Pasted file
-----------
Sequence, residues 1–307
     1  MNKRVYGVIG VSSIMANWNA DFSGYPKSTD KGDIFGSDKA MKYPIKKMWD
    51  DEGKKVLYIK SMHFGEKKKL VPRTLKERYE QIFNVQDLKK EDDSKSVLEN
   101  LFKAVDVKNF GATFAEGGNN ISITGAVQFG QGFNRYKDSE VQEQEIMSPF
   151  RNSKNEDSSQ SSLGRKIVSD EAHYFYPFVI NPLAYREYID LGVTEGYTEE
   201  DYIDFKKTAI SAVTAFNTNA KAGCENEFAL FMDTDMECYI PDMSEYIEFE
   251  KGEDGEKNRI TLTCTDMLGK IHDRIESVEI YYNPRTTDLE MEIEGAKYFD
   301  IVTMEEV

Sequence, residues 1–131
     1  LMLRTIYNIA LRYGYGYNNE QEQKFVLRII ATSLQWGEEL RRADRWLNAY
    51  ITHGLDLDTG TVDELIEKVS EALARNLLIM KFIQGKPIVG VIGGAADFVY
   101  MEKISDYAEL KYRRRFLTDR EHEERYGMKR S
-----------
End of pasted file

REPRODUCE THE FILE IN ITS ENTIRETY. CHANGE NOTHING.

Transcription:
Sequence, residues 1–307
     1  MNKRVYGVIG VSSIMANWNA DFSGYPKSTD KGDIFGSDKA MKYPIKKMWD
    51  DEGKKVLYIK SMHFGEKKKL VPRTLKERYE QIFNVQDLKK EDDSKSVLEN
   101  LFKAVDVKNF GATFAEGGNN ISITGAVQFG QGFNRYKDSE VQEQEIMSPF
   151  RNSKNEDSSQ SSLGRKIVSD EAHYFYPFVI NPLAYREYID LGVTEGYTEE
   201  DYIDFKKTAI SAVTAFNTNA KAGCENEFAL FMDTDMECYI PDMSEYIEFE
   251  KGEDGEKNRI TLTCTDMLGK IHDRIESVEI YYNPRTTDLE MEIEGAKYFD
   301  IVTMEEV

Sequence, residues 1–131
     1  LMLRTIYNIA LRYGYGYNNE QEQKFVLRII ATSLQWGEEL RRADRWLNAY
    51  ITHGLDLDTG TVDELIEKVS EALARNLLIM KFIQGKPIVG VIGGAADFVY
   101  MEKISDYAEL KYRRRFLTDR EHEERYGMKR S